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Teaming Up to Fight Drug Gangs in NJ [AUDIO]

A total of 22 people are facing charges in what’s being described as the biggest drug bust in Camden in a decade.

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(David Matthau, Townsquare Media NJ)
U.S. Attorney for New Jersey Paul Fishman speaks during a press conference on May 7.

Gang members of two inter-connected drug organizations allegedly ran open-air drug markets in parts of the city, selling crack, heroin and powder cocaine.

New Jersey’s top federal lawman says authorities on the local, state and federal levels worked together on this case, and similar efforts involving other drug cases continue all over the state.

“Everyone needs to understand you don’t always have to moving big, huge quantities of cocaine or suitcases full of dirty money for us to notice you. Sometimes all it takes is to be the source of a river of poison that runs through a few city blocks,” said U.S. Attorney for New Jersey Paul Fishman, during a news conference in Camden Wednesday. “One of the reasons we look at particular neighborhoods and we look at particular drug dealers is because of the impact they are having on a block or a street, so if you are those people, understand that we take it enormously seriously, we will not tolerate it and we will look for you.”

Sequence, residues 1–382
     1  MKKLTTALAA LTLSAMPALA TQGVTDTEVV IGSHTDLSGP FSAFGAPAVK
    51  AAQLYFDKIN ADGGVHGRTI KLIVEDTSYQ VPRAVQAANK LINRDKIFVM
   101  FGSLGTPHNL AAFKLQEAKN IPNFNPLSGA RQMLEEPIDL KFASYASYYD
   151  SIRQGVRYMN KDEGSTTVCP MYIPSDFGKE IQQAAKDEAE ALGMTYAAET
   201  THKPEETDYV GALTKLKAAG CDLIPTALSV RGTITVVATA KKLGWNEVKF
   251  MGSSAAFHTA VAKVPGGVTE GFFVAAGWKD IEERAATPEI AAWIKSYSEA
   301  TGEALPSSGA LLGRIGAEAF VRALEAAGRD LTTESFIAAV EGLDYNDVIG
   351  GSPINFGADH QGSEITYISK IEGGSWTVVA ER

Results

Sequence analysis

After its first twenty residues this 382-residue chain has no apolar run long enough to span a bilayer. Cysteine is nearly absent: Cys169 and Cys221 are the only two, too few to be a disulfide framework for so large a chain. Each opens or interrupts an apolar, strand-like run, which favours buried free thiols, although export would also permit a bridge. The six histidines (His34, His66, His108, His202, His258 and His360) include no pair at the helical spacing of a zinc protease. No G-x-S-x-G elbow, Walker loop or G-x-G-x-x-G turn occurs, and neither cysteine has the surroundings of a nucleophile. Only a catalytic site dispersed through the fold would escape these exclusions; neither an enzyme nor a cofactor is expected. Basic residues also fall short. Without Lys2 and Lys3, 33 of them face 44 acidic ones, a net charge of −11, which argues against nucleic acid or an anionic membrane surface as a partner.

Fishman said collaborative efforts are a key element of success when it comes to cracking down on drug traffickers.

“People who are investigating violent crime should share intelligence, talk to each other on a daily basis, and figure out who is investigating what to make sure we’re getting the biggest bang for our collective buck that we can get,” Fishman said.

FBI Special Agent Ed Hanko said progress is being made in clamping down on drug dealers, but more education and community involvement is essential.

“We cannot, nobody can arrest their way out of the problem,” he said.

He also stressed that having tougher federal prison sentencing guidelines is sending a clear message to the bad guys.

“I’ve actually seen defendants when they are read at their initial appearance – that a sentencing is 20 years mandatory – actually seen them faint,” he said.

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